Coleman lawyer was at center of 2004 Swift Boat Vets scandal
Norm Coleman's efforts to force a reconsideration of the recount that showed him losing his Minnesota Senate seat to Democratic challenger Al Franken are being led by attorney Ben Ginsberg, who has a long history of involvement in questionable Republican campaign activities.
Not only was Ginsberg one of the senior lawyers in the Bush v. Gore recount case in 2000, but in 2004 he was at the center of a Republican scandal when he was found to be advising both the Swift Boat Veterans for Truth and the Bush-Cheney '04 campaign.
When the Swift Boat Veterans first began running commercials which falsely suggested that Democratic presidential candidate John Kerry had lied about his Vietnam War record, the Bush campaign was quick to deny having any connection with the group.
However, it soon turned out that Ginsberg, who was the chief outside counsel to the Bush-Cheney campaign, was also giving legal advice to the Swift Boat Veterans on complying with campaign finance rules. Ginsberg resigned from the campaign in August 2004 following these revelations.
At the same time, Ginsberg was also serving as counsel for Progress for America, another massively-funded 527 organization with many similarities to the Swift Boat Veterans. During the last three weeks before the November 2004 election, Progress for America was the largest-spending outside group, buying $16.8 million of television and radio time, while the Swift Boat Vets were second with $6.3 million. These two groups were also linked in other ways besides their reliance on Ginsberg's advice, such as their use of the same advertising firm, Mentzer Media Services.
Ginsberg's ties to Progress for America appear to have been particularly close. According to the Center for Media and Democracy, "During the fall of 2003, reported Peter Stone of the National Journal, Ginsberg talked 'across the country to prominent fundraisers,'asking them to serve on PFA's advisory board and to rope in large soft-money contributions."
The largest of PFA's funders was Dawn Arnell, of the subprime mortgage giant Ameriquest, who donated $5 million. According to the Wall Street Journal:
"During the housing boom, the subprime industry succeeded at more than just writing mortgages. It also shot down efforts by some states to curtail risky lending to borrowers with spotty credit. Ameriquest Mortgage Co., until recently one of the nation's largest subprime lenders, was at the center of those battles. Working with a husband-and-wife team of Washington lobbyists, it handed out more than $20 million in political donations and played a big role in persuading legislators in New Jersey and Georgia to relax tough new laws. Those victories, in turn, helped blunt efforts by other states to crack down on reckless lending, critics of the industry contend."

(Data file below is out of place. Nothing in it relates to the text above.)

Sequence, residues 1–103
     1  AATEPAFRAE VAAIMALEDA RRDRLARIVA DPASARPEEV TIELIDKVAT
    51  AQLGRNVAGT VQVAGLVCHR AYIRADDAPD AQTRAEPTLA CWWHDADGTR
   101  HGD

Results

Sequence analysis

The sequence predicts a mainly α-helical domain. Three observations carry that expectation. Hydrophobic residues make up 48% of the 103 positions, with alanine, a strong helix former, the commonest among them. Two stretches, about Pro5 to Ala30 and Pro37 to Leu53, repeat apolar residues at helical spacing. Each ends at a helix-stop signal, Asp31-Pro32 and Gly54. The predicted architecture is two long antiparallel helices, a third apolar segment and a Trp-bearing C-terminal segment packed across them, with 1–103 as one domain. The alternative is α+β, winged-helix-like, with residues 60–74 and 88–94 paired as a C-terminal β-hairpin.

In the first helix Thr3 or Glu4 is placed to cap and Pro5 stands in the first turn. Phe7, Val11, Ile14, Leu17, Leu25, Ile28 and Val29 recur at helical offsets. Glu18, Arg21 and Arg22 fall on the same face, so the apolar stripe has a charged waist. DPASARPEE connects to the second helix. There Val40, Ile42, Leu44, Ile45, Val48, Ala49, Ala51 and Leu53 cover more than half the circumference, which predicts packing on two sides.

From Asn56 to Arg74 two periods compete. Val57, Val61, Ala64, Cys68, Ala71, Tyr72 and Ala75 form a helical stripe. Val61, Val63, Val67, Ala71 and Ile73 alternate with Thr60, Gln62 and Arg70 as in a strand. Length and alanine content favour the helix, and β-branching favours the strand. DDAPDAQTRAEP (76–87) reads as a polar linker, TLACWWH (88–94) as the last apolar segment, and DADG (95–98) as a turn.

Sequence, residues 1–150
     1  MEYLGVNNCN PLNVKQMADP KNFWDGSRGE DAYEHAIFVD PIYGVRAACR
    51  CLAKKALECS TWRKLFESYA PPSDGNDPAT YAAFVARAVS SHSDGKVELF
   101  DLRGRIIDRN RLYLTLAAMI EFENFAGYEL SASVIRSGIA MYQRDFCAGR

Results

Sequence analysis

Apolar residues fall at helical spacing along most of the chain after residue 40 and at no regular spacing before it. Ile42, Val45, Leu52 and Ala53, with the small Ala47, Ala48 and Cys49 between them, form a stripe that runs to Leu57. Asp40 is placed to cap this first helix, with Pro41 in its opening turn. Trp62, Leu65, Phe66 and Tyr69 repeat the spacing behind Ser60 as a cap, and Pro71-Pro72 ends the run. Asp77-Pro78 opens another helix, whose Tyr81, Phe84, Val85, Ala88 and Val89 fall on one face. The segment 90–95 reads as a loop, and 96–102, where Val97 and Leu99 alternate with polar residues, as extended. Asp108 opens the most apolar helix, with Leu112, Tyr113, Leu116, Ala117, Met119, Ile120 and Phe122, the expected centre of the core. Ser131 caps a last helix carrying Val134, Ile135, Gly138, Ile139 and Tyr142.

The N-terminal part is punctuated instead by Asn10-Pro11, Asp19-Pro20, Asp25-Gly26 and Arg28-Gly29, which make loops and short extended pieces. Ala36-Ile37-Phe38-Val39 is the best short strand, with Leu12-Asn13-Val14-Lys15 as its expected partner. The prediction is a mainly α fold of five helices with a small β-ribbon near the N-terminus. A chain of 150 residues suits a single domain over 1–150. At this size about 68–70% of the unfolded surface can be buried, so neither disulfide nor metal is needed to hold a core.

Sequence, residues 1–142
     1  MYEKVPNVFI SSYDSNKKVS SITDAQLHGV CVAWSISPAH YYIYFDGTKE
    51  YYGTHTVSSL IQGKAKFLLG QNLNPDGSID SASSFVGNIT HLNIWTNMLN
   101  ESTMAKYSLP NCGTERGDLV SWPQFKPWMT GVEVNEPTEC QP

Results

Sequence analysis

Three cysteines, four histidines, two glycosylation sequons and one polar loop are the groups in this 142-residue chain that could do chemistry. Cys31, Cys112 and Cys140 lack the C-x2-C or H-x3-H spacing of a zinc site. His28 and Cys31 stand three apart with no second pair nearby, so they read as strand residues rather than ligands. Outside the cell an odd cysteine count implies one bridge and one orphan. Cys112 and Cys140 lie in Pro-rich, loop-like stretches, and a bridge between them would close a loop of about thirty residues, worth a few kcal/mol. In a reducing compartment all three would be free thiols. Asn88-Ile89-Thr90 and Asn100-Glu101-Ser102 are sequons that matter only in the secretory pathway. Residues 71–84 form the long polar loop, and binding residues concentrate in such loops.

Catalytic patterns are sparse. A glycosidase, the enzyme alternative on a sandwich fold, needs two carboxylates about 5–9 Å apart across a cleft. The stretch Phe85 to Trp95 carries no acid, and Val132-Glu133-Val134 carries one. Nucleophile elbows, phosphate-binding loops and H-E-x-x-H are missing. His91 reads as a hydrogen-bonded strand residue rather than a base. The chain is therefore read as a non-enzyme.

Ginsberg's ties to Progress for America may also indicate how he came to serve as Coleman's lawyer. PFA was founded in 2001 by Tony Feather, a long-time associate of Karl Rove and partner in the DCI Group and its sister firm, Feather-Larson-Synhorst (now known as FLS Direct.) Feather stepped aside from running PFA when he began working for the Bush-Cheney '04 campaign but handed its operation over to DCI employee Chris LaCivita, who also served as an adviser to the Swift Boat Veterans on media strategy.
Coleman himself is also intimately connected with FLS-Connect. As of last September, he had paid the firm almost $645,000 in consulting fees for the 2008 election and over $1.5 million since 2001.
Not only that, but according to a complaint filed last fall with the FEC by the DFL Party (the local name for the Democrats), "The owner of FLS-Connect, longtime Coleman confidant and powerful Republican operative Jeff Larson, is the treasurer of Colemanís political-action committee."
That complaint alleged "illegal in-kind corporate contributions" to Coleman by two groups which had run issues ads attacking Franken for his support of the Employee Free Choice Act. Those groups were also FLS clients.
It was further reported that "Coleman rents living space in the English-basement apartment of a million-dollar townhouse that Jeff Larson owns in Washington, D.C., for which Coleman pays far under market value. In addition, Coleman shares the apartment with offices of FLS-Connect."
Just recently, the DFL Party filed a fresh complaint with the FEC concerning the recount, suggesting that it is being illegally funded by the Republican National Lawyers Association:
"The complaint, filed today with the FEC, alleges that: the RNLA is funding Coleman's recount committee with illegal contributions in excess of legal limits; the RNLA is funding Coleman's recount committee with illegal contributions from corporations; the RNLA has failed to register with the FEC, as its contributions to Coleman's recount require it to; and Coleman has failed to report any contributions from the RNLA."
Perhaps Ginsberg's network of "prominent fundraisers" -- or at least those who haven't been caught in the subprime mortgage meltdown -- should be scrutinized for any interest they may have in the Minnesota recount.